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NEWS FEATURE Dismay over IOC decision to bar whistleblower Stepanova from Games By John Bagratuni, dpa

Europe
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The decision by the IOC to ban Russian whistleblower Yulia Stepanova from the Rio Games has not gone down well in the sports and anti-doping community.

Berlin (dpa) - World Anti-Doping Agency (WADA) director Olivier Niggli was very clear when he voiced his disappointment that Yulia Stepanova has been denied a place at the Rio de Janeiro Olympics.

"WADA is very concerned by the message that this sends whistleblowers for the future," he said late Sunday.

"Ms Stepanova was instrumental in courageously exposing the single biggest doping scandal of all time."

The 800-metre runner Stepanova and her husband, a former anti-doping agency staff member, were key witnesses in a German television documentary from December 2014 which for the first time exposed wide-ranging doping practices in Russia.

While banning the Russian athletics team from Rio, the ruling athletics body IAAF granted her permission to run as a neutral athlete at events including Rio, owing to her "truly exceptional contribution to the fight against doping in sport."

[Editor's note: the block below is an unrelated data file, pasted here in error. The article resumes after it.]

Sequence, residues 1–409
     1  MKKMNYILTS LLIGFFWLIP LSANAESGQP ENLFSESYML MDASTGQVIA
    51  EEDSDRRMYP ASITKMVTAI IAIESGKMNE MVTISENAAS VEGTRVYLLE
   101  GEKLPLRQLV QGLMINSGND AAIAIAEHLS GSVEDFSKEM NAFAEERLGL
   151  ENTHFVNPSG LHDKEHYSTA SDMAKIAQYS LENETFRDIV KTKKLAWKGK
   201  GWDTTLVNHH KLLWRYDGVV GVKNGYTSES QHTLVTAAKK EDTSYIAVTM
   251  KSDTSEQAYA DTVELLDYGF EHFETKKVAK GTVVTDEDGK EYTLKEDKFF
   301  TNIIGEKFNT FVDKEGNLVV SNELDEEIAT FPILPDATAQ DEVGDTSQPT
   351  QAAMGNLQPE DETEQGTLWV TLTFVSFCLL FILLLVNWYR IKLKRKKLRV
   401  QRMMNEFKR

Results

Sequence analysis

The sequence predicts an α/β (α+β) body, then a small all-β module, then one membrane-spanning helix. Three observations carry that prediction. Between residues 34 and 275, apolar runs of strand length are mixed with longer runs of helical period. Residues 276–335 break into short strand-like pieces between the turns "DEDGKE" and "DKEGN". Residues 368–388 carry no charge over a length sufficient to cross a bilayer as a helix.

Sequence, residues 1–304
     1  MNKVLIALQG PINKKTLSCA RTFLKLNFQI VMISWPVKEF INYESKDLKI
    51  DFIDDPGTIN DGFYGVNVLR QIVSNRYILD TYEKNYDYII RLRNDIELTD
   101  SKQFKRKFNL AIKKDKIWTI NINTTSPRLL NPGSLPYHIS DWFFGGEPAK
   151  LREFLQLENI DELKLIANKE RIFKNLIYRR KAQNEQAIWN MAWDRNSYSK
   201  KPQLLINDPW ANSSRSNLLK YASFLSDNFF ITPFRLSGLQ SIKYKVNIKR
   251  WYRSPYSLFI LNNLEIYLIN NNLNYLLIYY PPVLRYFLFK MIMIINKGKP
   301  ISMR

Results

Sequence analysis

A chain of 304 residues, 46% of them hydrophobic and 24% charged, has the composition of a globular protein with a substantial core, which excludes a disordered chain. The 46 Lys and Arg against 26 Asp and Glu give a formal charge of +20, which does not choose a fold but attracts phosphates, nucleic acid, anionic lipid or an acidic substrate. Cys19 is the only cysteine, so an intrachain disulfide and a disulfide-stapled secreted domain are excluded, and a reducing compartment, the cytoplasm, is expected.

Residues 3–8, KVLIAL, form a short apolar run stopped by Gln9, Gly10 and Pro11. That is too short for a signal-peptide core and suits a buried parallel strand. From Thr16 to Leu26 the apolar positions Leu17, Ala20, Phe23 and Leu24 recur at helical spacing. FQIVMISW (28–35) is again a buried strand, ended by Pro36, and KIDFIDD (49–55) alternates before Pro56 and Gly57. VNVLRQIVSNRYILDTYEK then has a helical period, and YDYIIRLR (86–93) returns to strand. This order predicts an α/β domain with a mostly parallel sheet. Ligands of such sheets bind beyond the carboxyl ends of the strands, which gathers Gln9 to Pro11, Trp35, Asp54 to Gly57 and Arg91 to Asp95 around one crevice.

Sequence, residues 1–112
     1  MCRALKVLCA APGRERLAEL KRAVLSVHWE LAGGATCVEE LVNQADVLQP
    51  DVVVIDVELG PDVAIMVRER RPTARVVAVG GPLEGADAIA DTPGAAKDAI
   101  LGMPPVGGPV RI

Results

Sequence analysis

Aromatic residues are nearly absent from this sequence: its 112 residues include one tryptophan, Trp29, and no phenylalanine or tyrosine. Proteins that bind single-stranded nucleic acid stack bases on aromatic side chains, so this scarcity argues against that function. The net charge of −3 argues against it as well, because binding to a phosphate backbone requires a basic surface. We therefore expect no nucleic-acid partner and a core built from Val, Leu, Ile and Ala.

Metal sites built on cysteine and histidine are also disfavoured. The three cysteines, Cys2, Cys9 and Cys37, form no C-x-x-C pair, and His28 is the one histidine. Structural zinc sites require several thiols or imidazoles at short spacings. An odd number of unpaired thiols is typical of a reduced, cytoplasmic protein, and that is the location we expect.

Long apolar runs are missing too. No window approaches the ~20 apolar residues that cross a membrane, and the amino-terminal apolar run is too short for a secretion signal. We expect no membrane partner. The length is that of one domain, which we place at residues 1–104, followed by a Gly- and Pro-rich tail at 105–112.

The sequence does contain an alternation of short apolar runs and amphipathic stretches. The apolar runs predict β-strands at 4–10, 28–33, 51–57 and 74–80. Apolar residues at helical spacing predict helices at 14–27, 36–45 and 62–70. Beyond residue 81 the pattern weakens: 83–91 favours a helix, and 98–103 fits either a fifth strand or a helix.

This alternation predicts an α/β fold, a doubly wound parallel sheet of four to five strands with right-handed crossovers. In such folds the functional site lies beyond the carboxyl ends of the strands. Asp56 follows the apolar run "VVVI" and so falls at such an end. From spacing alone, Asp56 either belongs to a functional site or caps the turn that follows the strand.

But the International Olympic Committee (IOC) on Sunday barred her from Rio because, by recommendation of the IOC ethics committee, she did "not satisfy the ethical requirements for an athlete to enter the Olympic Games," having been a part of the Russian doping system for several years and sanctioned for doping herself.

"The IOC missed an opportunity to send a signal," German athletics chief Clemens Prokop said, and German parliamentary sports commission chair Dagmar Freitag spoke of the "Stepanova ruling, they didn‘t want to see the whistleblower run there."

Inconsistencies were duly noted as the IOC also said that all other Russians with a doping past are also not allowed into Rio - while those with a similar record from other countries, such as American sprinter Justin Gatlin, can compete.

According to British paper The Guardian, this only further suggested that the IOC‘s refusal to impose a blanket ban on Russia had sports and geopolitical reasons, with IOC president Thomas Bach also a friend of Russian president Vladimir Putin, and Russia opposed from the outset to a participation of Stepanova in Rio.

The Guardian said the ban of Stepanova "created the unfortunate impression that perhaps the most significant whistleblowers in sporting history had been chucked under a bus in favour of placating Vladimir Putin."

Stepanova, 30, who now lives in the United States, was invited with her husband to Rio by the IOC to attend the Games in honour of her contribution, a decision seen as cynical by some while Bach also claimed the IOC was offering to help her in her future life as an athlete.

Whether she would have been able to run remains unclear as she injured herself in early July in the 800m heat at the European championships in Amsterdam.

For American anti-doping chief Travis Tygart, the decision to deny Stepanova added to his dismay over the overall decision, and was also not a good sign for the future.

"The decision to refuse her entry into the Games is incomprehensible and will undoubtedly deter whistleblowers in the future from coming forward," Tygart said.

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